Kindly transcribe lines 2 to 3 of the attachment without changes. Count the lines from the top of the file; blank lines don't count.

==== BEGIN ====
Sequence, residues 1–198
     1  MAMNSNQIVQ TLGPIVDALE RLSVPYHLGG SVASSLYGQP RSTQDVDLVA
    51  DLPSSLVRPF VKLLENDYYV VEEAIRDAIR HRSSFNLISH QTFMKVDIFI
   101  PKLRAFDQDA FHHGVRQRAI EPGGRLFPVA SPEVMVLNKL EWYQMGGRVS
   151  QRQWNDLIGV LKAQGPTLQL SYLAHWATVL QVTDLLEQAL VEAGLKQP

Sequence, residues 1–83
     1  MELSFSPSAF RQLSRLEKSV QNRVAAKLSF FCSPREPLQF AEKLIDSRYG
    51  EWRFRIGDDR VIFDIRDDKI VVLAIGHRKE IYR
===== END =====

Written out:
     1  MAMNSNQIVQ TLGPIVDALE RLSVPYHLGG SVASSLYGQP RSTQDVDLVA
    51  DLPSSLVRPF VKLLENDYYV VEEAIRDAIR HRSSFNLISH QTFMKVDIFI